I often tell the story of two different runners I have met. One runs around 3000 miles a year and never races. The other basically does all of their training miles running in an industrial crap part of town. To me, these two are the definition of runners. One runs with no main goal per se, never receiving accolades in the form of a medal or official race time. The other hasn't seen a squirrel or a babbling brook n a run in years. It is easy to be a runner when you receive praise or finisher's medals. It is easy to be a runner when your daily route is awe-inspiring. It is far harder to be a runner when those things are taken away.

    On the other hand, some people really enjoy running on the roads. I am one of them. I do not get beat up by the road. I enjoy the even footing it gives. When I really want to let fly, I don't have to worry about scree sliding out from underneath me, or roots to trip me or other dangers. DO I love running on trails? Well, it is hard not to! Being in nature, enjoying alone time and taking in all that is out there is easy to do.

    Probably more of an answer than you expected but I felt like responding. I love the roads and love running very, very long on them.

  4. Norty

    I run on whatever's in front of me and are gratefull for every day i am un-injured and can do so. Having said that, I try my best to run exclusively trails, and totally agree with Geoff. I am a "trail runner" and anything over marathon distance I run because I love trail running, not because I'm an ultra-runner. After partaking in the Tarawera 100 this year I 'd also say that the 'ultra' tag is dead as Sage and Tim Olsen flew past me (it was an out and back) at a pace quicker than most mere mortals run a road marathon.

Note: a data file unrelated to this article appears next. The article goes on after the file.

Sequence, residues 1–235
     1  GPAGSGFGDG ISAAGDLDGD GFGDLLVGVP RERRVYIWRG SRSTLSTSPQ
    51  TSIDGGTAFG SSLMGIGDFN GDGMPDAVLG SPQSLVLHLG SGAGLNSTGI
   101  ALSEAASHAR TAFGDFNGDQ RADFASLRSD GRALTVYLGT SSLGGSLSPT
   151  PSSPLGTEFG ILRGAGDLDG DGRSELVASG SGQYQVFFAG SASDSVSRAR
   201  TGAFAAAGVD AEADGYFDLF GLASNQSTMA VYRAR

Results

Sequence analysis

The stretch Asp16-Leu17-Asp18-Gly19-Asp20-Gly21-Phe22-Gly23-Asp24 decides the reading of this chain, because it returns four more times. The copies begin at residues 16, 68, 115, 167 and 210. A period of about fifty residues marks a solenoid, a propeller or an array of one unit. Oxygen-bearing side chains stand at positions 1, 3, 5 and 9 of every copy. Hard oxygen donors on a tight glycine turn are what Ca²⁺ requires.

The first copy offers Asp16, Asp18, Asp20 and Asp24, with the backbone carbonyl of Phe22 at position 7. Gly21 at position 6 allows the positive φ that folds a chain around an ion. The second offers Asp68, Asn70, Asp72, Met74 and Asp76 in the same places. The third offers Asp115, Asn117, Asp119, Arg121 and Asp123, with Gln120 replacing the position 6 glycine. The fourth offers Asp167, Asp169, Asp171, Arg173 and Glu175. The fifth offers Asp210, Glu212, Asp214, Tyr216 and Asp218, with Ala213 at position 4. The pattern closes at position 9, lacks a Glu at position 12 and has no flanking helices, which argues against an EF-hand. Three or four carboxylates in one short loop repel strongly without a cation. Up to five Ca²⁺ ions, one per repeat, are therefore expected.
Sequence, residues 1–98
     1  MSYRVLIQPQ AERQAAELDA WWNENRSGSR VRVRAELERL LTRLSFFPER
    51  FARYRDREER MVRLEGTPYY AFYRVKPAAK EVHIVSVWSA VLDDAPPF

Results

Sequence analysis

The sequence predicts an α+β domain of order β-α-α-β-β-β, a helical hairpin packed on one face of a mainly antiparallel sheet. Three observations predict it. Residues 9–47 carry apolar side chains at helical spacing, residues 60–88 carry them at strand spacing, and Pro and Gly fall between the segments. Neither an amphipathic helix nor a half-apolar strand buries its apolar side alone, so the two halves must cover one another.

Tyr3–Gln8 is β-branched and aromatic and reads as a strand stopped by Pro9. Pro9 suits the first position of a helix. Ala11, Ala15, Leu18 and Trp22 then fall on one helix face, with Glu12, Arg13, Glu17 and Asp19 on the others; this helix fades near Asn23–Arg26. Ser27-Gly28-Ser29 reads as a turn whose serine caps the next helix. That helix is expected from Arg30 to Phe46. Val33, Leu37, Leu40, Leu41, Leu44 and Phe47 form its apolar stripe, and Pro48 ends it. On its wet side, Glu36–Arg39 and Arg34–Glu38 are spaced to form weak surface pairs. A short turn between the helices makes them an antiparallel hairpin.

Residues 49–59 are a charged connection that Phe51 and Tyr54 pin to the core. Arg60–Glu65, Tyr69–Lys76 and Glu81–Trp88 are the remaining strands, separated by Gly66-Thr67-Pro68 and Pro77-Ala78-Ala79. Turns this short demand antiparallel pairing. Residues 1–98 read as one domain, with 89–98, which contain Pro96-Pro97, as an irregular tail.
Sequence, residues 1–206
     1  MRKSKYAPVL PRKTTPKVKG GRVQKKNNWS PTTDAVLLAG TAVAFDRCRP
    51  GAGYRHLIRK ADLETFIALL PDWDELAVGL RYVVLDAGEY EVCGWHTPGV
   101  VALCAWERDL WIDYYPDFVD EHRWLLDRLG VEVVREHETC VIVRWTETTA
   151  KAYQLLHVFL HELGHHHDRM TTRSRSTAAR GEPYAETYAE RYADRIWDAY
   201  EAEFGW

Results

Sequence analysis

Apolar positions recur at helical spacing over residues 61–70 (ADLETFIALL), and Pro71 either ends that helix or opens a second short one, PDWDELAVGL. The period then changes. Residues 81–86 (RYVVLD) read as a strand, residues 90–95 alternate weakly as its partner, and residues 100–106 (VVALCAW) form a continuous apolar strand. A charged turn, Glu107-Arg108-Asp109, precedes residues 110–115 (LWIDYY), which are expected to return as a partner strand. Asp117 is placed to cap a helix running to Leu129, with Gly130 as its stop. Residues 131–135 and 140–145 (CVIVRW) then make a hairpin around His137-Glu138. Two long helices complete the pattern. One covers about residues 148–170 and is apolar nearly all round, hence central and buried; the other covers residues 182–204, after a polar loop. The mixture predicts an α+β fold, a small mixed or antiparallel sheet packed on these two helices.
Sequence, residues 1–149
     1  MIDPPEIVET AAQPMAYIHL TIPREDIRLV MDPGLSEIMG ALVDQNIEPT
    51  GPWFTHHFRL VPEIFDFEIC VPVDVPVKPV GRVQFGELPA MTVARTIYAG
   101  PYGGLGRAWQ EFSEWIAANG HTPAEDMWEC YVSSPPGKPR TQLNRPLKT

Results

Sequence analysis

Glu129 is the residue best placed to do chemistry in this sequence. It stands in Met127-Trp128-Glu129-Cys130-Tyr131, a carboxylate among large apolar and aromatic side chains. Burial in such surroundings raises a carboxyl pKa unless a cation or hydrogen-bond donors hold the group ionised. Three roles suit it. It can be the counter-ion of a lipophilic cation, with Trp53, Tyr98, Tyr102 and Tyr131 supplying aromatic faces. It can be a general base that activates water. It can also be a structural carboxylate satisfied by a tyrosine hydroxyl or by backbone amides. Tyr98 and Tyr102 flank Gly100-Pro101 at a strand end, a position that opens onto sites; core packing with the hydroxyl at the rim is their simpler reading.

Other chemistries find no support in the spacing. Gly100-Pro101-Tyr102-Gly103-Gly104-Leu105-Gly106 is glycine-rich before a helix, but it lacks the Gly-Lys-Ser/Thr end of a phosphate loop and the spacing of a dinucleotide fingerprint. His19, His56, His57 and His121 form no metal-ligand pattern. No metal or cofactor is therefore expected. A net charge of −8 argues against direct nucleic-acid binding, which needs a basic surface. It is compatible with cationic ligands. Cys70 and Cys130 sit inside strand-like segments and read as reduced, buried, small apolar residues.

5. kyle

    Not sure this is concrete of a split as detailed in the article (pun intended). All joking aside, where would you lump timed races? I've run races on asphalt loops, dirt tracks, trails, roads. Does it really matter? I love the distance. Maybe Im old school though. I do think though that we should distinguish between 50k's and longer.

  6. KevinL

    I know this is an old post with many, many replies, but I just found it today, so here's my take.

    In 2010, I became an ultrarunner. Knowing that the VT50 would be my first, I transitioned to trails, my home from back in my high school cross country days. When people would ask, how can you spend so many hours and miles on trail? There's no other place I want to be. This happened in DC, where, believe it or not, there are many miles of trail to be had…loops, AtoB, and AtoA out and backs. I called myself an ultrarunner.

    Fast forward to today in my new home of Carrboro, NC. I have two races planned: a 24hr paved loop in PA, and the VT50 again. But, I think I'm going to skip the VT50, because once the 24hr race is complete, I don't want to run the miles needed to prepare for Vermont.